Justice Baffoe-Bonnie: Your question was: Can you name two of them? He has named two, so why do you want to go on with anybody else…anybody else? Do you have to go like that?

Counsel: No, no…

Justice Baffoe-Bonnie: I think you said: Can you name two or three? That one is on record, and he has named two, so who else…

Counsel: My lords, he went on to add that his team was also there (Continuous banter between Counsel and the bench. Counsel for first respondent, Tony Lithur, steps in to defend Mr. Tsikata, but Philip Addison raised a protest because he insisted his objection was aimed at Mr. Tsikata. This forced the Judges to rule on the disagreement).

Justice Atuguba: Well…this is our ruling (Clears throat): The objection of the petitioners is sustained insofar as questions relating to who of their legal team were present are concerned. The intervention of Tony Lithur regarding the objection of the petitioners to Tsatsu Tsikata’s question on grounds of relevancy is disallowed.

Tsatsu Insults Judges?

A member of the petitioners’ legal team, Gloria Akuffo described Tsatsu’s outburst as an “unfortunate situation”.

Speaking during a post-court interview, Madam Akuffo, who identified Tsatsu Tsikata as her law lecturer, said, “In fact, I have in my so many years in practice at the bar, never come across such behaviour”.

She explained that it was a normal court practice for a counsel to rise up and raise an objection. At such times, opposing counsel was supposed to resume his seat.

He could respond after his colleague on the other side had finished.

She inferred that Tsatsu’s conduct may have shown disrespect not merely to Addison but to the Justices because “anything you say in court is addressed to eminent Judges”.

After The Ruling

After the ruling, Mr. Tsikata sought to know from Dr. Bawumia those who were part of the team that assisted the Commissioner of Oath to stamp and mark the exhibits that were brought to the court by the petitioners.

Dr. Bawumia mentioned one Johnny Attafuah, Ronald, Harry and Emmanuel as some of the people who helped to prepare the exhibits and there was disagreement between counsel and the witness over the placements of the exhibits.

Mr. Tsikata told the court that some of the petitioners’ exhibit numbers on the pink sheets were different from what was put in the box reserved for the Commissioner of Oath and suggested to Dr. Bawumia that it was an attempt to confuse and deceive the court.

Dr. Bawumia insisted that it was not deliberate and added that since they made changes in respect to Exhibits K and S, a careful assessment of the further and better particulars they were asked to provide, could not confuse anybody.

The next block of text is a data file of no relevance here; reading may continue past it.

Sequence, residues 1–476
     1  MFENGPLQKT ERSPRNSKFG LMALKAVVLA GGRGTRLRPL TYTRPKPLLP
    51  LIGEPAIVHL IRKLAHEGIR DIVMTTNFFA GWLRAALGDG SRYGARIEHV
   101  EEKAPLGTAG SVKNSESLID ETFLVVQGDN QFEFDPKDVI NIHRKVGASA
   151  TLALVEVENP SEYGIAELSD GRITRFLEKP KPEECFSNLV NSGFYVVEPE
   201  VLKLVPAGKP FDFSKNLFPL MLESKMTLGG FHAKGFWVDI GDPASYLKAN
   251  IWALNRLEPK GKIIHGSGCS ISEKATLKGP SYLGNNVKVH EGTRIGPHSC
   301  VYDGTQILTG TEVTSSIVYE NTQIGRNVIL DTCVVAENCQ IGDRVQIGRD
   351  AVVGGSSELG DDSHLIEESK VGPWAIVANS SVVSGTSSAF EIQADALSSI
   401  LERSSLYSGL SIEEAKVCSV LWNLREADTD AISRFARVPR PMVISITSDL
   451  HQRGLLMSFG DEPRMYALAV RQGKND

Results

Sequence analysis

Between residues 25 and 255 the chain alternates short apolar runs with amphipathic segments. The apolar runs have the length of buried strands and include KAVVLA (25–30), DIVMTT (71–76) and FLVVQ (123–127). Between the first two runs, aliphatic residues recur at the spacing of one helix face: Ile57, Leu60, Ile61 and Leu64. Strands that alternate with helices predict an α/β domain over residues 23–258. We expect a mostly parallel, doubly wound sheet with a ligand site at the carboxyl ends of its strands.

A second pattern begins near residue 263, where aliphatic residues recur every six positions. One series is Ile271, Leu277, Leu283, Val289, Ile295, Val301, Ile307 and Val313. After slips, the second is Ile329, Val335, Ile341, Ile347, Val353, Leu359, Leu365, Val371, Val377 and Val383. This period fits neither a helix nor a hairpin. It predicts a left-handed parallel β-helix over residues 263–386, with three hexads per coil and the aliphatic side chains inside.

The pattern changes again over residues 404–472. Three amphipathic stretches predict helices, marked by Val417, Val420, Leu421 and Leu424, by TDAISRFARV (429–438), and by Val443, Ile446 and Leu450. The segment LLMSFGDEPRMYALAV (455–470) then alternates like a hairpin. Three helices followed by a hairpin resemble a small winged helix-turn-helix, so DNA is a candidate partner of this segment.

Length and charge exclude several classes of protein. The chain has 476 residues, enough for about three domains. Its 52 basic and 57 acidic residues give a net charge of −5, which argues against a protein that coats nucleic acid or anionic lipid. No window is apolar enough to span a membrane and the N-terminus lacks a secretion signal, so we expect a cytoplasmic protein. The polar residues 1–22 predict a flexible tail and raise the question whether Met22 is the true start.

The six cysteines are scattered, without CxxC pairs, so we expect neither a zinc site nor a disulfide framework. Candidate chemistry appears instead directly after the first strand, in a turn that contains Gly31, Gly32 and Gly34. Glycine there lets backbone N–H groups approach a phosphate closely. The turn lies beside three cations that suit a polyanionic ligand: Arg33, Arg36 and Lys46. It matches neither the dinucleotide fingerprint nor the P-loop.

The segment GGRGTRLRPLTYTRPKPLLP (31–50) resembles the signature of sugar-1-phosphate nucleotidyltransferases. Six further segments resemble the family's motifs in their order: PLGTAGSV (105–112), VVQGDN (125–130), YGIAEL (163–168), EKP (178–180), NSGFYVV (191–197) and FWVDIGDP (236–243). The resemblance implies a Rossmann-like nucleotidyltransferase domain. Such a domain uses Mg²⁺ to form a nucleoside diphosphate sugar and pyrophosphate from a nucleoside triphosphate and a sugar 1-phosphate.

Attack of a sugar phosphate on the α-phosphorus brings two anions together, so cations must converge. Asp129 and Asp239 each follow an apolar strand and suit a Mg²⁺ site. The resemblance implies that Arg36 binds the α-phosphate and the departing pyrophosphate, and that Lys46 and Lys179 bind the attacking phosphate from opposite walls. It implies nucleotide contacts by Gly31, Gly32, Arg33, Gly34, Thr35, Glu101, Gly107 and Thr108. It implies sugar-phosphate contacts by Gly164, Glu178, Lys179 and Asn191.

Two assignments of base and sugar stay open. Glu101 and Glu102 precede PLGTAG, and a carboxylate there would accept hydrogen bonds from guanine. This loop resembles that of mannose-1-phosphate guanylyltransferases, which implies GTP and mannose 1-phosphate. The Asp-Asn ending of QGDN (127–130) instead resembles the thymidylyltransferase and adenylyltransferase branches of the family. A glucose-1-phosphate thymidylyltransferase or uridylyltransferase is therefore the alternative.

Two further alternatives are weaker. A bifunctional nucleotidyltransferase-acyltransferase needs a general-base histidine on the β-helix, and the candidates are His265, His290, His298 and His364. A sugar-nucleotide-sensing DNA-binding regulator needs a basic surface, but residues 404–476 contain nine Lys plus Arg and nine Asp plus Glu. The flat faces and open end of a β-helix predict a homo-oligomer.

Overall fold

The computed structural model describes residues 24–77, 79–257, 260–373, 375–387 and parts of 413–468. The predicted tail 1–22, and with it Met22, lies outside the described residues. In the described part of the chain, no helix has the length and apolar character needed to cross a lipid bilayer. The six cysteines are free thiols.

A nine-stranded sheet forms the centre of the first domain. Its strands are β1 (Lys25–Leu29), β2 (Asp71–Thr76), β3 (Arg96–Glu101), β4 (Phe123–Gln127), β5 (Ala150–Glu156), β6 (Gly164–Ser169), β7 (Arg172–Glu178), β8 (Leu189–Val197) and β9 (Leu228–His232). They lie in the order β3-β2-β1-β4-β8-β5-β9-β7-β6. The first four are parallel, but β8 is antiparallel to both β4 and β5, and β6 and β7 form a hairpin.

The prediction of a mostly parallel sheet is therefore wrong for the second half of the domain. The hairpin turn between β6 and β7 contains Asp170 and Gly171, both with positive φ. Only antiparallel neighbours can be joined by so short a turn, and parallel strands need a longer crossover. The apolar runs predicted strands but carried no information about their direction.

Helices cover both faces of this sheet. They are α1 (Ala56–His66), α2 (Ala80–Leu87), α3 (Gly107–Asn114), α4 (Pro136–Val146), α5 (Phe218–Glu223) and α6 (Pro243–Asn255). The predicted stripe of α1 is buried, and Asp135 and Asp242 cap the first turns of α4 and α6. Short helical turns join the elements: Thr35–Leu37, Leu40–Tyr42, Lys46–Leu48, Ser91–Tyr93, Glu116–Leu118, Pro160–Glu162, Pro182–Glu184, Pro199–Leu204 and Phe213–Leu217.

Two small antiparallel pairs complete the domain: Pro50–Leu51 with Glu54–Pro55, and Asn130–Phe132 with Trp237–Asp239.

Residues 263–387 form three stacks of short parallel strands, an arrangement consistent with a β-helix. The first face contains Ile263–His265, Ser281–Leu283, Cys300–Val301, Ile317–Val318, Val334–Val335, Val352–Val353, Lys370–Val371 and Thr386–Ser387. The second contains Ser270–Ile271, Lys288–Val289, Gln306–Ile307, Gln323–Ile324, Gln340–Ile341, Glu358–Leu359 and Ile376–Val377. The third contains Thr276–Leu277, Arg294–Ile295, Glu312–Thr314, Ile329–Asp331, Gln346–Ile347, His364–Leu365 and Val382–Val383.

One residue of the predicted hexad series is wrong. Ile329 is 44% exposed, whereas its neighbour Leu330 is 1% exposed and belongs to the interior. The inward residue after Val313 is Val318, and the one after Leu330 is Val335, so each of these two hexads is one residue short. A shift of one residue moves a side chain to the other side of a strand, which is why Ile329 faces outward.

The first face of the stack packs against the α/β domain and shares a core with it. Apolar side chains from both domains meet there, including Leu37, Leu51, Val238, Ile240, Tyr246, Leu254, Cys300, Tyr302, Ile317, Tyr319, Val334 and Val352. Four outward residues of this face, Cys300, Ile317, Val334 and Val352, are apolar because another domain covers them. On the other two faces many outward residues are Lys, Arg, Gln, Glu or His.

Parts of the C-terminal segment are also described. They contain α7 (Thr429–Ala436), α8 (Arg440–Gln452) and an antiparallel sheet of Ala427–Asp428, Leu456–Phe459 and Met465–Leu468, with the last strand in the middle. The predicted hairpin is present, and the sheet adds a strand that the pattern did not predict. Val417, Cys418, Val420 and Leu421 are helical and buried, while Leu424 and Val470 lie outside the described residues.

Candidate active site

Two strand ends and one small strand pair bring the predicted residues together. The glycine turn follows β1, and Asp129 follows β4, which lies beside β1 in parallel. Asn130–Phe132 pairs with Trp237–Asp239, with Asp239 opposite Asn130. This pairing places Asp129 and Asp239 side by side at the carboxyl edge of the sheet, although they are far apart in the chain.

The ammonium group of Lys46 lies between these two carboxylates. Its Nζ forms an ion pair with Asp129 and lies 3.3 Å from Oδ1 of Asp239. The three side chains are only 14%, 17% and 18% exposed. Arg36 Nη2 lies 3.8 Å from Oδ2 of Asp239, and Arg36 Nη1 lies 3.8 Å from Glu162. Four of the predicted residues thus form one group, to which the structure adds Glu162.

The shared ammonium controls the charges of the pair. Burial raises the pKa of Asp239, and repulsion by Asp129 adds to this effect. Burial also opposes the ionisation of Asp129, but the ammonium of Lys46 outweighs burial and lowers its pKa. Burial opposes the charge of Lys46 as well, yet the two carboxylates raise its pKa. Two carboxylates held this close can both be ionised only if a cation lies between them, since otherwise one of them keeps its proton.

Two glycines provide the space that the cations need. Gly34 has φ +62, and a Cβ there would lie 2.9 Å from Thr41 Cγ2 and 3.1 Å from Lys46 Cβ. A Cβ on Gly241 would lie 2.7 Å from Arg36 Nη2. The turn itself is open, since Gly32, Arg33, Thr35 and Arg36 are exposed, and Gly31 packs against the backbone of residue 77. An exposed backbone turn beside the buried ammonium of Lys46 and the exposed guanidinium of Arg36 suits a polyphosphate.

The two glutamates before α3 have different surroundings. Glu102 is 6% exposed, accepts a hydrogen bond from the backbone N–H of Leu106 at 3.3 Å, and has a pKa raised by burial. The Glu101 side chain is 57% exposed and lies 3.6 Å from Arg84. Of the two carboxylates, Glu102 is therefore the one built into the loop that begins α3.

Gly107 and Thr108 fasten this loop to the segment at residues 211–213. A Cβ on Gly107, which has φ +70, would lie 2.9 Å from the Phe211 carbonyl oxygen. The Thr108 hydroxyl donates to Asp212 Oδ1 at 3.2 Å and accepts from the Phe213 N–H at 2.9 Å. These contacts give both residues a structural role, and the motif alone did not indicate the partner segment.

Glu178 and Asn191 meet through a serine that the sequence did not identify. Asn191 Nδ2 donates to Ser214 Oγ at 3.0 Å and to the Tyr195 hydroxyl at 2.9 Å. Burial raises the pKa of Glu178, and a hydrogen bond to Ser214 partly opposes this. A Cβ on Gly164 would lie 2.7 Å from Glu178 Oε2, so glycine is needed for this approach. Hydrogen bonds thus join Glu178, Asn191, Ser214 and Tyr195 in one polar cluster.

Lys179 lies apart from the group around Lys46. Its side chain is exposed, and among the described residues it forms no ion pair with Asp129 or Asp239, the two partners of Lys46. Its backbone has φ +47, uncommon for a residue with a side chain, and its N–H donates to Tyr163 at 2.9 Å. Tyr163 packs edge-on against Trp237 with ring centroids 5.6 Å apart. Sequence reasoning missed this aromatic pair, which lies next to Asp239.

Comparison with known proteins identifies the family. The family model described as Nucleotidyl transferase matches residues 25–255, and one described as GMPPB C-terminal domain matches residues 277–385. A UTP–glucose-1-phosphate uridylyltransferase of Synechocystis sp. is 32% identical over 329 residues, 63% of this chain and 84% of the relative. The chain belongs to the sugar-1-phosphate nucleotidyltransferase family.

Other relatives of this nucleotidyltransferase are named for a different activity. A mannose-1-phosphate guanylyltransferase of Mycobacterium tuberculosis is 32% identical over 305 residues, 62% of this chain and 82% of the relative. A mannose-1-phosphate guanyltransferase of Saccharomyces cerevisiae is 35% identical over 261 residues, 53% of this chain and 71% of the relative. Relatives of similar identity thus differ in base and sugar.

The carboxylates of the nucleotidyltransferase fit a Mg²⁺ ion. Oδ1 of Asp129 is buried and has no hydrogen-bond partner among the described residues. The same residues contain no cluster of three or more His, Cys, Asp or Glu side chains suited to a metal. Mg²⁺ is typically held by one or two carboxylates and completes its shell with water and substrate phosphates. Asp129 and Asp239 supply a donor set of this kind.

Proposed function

Earlier Proceedings

Counsel: There is a new list of exhibits that we have shown to your counsel and we are going to show to you (Mentions the exhibits in the list numbering 183 and shows witness the exhibits)… You will notice there is an exhibit number that has been cancelled, do you not?

Witness: Yes, my lords.

Counsel: Can you read what is cancelled?

Witness: It appears to be MBK 514.

Counsel: MBK 514, is that what you read?

Witness: Yes, that’s what it looks like; it looks like a ‘K’ or an ‘L’.

Counsel: You are not sure yourself? That is fine, but that has been deleted and then above it, there is another exhibit number which has been sort of truncated.

Witness: Yes, this appears to have been photocopied; that is what I’m saying. We’ve seen a lot of photocopying in these exhibits, so I’m not quite sure…

Counsel: Do you see a Commissioner for Oaths signature?

Witness: Yes, my lords.

Counsel: And is that the Commissioner of Oath before whom you swore the affidavit?

Witness: Yes, my lords.

Counsel: Now, photocopy or no photocopy that you claim, this is one of the exhibits that you attached to your exhibits, is that not right?

Witness: That’s correct.

Counsel: And are you able to assess what that exhibit number that appears to be truncated is?

Witness: No, my lords.

Counsel: In order to put this matter beyond any dispute, I’m going to give you the second [exhibit] on that list then we can have a conversation. It is MB-H-142 I believe, just confirm the exhibit number.

Witness: I think it is MBS 192…there is a 670, I think there is a line between 670…it is not clear….

Counsel: So you are clear about the exhibit number at the top. In this case you are very clear about it?

Witness: No, I’m not because MBS, there is a 670, there is a 190 written on top. It is not clear how the two are related.

Counsel: This is your exhibit, not mine and you were there when it was even attached. I was not there…

Witness: What was in the exhibit number is 670.

Counsel: So on the top is the exhibit MB-S something; you are not clear what it is…

Witness: …there is a cancellation…

Counsel: Can you confirm that in the Commissioner for Oaths stamp, he refers to a different exhibit number?

Witness: He refers to the 670 that was cancelled.

Counsel: So there is a discrepancy between the exhibit number at the top and the exhibit number that is in the Commissioner for Oaths.

Witness: That’s what I’m saying; it is not clear what the relationship is, maybe he thought it was still the same 670. I cannot speak for that.

Counsel: Dr. Bawumia, it is clear that the two numbers are different, is it not?

Counsel: I’m just saying that there is an MBS 670 and it appears cancelled. One doesn’t know whether we are dealing with a ‘7’ there or just the ‘670’ or ‘192’. He has maintained ‘670’…unless he is here to confirm exactly what he meant, I cannot tell.

Counsel: So on the face of this exhibit, we cannot tell whether there is a discrepancy or not, is that your suggestion?